You know it had to be this way.  Christmas morning is the inevitable result of the very beginning, that big bang, that moment when light exploded into darkness and began to expand, ever outward, ever forward, ever more beautiful and complex and mysterious.  In the beginning was the Word, and the Word was with God, and the Word was God.

John begins his gospel with the blueprint for the whole created order.  The universe peeled back to show the glittering, pulsating, beating presence of God united with star and rock and river and tree, moon and planet—Jupiter and Saturn–united in light, united in wisdom, united in God.

Jesus Christ is the blueprint, the plans for how it’s all put together.  He’s the sign of what we’ve stood on all along, the symbol of what was and what will come.

When I was little, I imagined that Christmas was all about me.  It was receiving gifts and having piles of ham at Aunt Marilyn’s house.  As an unsure adolescent, Christmas meant Jesus would forgive my sins–the life, death, and resurrection of Jesus somehow about my own personal rescue plan.  Lately, I’ve wondered if American Christianity’s interpretation of the Christmas stories is way too small, way too individualistic, way too judgmental, way too easy to cast ourselves as a hero in the divine narrative.  Jesus was born for me.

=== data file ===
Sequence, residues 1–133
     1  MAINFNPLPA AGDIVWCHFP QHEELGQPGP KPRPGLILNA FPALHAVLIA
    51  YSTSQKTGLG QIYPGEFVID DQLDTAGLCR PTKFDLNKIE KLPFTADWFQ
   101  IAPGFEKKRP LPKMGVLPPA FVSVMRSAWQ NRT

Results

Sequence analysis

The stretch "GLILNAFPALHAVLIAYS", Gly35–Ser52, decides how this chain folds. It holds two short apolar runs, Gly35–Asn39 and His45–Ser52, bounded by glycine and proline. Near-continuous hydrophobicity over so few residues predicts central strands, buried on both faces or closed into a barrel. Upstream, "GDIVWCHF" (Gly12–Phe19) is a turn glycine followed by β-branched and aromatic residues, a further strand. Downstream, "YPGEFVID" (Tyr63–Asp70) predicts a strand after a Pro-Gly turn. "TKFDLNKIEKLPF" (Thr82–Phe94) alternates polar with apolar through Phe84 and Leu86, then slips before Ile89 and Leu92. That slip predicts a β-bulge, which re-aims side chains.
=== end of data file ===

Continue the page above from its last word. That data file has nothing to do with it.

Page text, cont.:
John makes “my Jesus” into the cosmic and universal Christ, the image of God, the wisdom that Christians see in Jesus, but is present in all religions:  compassion, peace—salaam, shalom, unity, justice, mercy, yin and yang.

One of my great challenges is that it’s hard for me to sit still.  I’m on the move, or if I’m sitting in a chair, my mind is on the move.  I’m always walking into the next moment.  I have a hard time listening because I’m always thinking about what to say next. Even when hosting friends or family for dinner, particularly on these big holidays, I have to remind myself to stay seated at the table and not jump up to start clearing the dishes before everyone is finished.  Time to get the dessert ready!  I have to tell myself.  “Sit here. These people aren’t at this table so much for the dessert as they are for this moment, this time of laughter and conversation, even this time of debate about the issues of the day. This moment of being human beings together, the empty plates as much part of the experience as my rushing and churning inner life.